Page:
More than two dozen eighth-graders from across the state have descended on the UNCG campus June 18-20 for a three-day, two-night immersion in college life.

The new GEAR UP leadership camp at UNCG is a partnership between the university’s Department of Counseling and Educational Development and GEAR UP NC, a federally funded program to help kids from disadvantaged school districts envision themselves as college students. Campers bunk in a residence hall, eat in the dining hall and explore the campus.

On day one, the campers — from Rockingham, Yancey, Warren, McDowell and Pamlico counties — did team building exercises in Foust Park, taking advantage of large oak trees to shade them from the summer heat. At one point, they put on blindfolds, relying on their peers for guidance.

Chris Graham, one of the camp counselors, watched them with a smile. “They’re an energetic bunch,” he said. “There’s a lot of excitement. For many of them, it’s their first time on a college campus.”

Graham, the first in his family to attend college, just graduated from UNCG with an MS in College Counseling, Student Development and Higher Education and has a job lined up at Florida State University. For him, volunteering is a way to give back: His own middle school in Snow Hill, a small town in the eastern part of the state, was part of GEAR UP NC.

“I’d like them to start thinking about how they can create opportunities for themselves that can advance who they are,” he said. “I’d encourage them to take advantage of those opportunities, work hard, and be prepared when those opportunities present themselves.”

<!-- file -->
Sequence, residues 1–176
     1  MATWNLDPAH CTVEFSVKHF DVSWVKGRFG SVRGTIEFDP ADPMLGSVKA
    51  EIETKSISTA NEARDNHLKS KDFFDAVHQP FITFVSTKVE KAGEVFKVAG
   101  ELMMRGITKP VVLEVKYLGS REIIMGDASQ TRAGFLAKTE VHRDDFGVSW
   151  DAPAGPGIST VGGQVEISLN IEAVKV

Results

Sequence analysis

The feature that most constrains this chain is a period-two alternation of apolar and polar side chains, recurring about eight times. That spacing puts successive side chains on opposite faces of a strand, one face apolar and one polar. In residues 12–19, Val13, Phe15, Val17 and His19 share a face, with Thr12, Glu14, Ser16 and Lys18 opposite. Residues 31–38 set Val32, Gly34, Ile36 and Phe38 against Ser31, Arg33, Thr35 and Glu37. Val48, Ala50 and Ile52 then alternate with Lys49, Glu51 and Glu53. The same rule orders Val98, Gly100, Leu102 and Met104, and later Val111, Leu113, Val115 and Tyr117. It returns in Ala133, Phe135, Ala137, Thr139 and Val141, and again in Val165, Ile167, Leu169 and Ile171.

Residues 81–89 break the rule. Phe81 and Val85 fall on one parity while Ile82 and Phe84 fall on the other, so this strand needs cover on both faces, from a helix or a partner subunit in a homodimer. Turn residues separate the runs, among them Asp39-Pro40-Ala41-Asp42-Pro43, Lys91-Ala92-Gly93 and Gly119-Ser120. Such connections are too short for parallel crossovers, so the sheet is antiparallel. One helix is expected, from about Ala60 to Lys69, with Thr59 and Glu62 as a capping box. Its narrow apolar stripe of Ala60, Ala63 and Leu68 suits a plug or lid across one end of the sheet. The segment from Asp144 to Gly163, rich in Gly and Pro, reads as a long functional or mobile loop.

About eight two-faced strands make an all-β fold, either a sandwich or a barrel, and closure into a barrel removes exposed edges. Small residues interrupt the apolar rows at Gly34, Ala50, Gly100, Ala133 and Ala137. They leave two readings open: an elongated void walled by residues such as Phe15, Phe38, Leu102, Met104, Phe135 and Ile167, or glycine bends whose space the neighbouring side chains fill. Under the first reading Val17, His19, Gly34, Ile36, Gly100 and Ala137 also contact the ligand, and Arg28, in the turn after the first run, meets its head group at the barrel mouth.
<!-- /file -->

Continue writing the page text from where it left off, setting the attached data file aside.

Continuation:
For Dr. DiAnne Borders, one of the counselor education professors overseeing the camp, the message she wants campers to take away is simple: College is for everyone. Like Graham, many of them would be first-generation college students.

“I want them to see that they have a lot of potential that in the eighth grade they may not realize yet,” she said. “It’s about whether you can see yourself on a college campus. If no one in your family has been to college, it’s hard to see that for yourself. Of course, we hope some of them will choose UNCG.”

Borders said engaging kids early is crucial, so they can take the courses they’ll need for college. “We like that GEAR UP starts in middle school.”

GEAR UP is an acronym for Gaining Early Awareness and Readiness for Undergraduate Programs. The program is funded by the U.S. Department of Education.

Borders and her colleagues Dr. Laura Gonzalez and Dr. Erik Hines have worked closely with the College Foundation of North Carolina researching ways to overcome road blocks, like limited finances, that get in the way of college. Their work led to the relationship with GEAR UP NC, and the camp.

Hines’ research has centered on college access for African American males, while Gonzalez has focused on Latinos. “It’s not easy, there can be barriers,” she said. “They need support and resources.”

Leadership is another important part of the camp, and its theme is “Finding Your Voice.” In addition to the team building exercises, campers will hear from a panel of UNCG students, visit the Civil Rights Museum in downtown Greensboro and create visions of themselves as future leaders. UNCG’s Office of Leadership and Service-Learning has been a key partner in planning activities.

“It’s about asking, Who am I?” Gonzalez said. “What are my strengths? How can I stand up and let my voice be heard?

Story by Michelle Hines, University Relations

Photography by Chris English, University Relations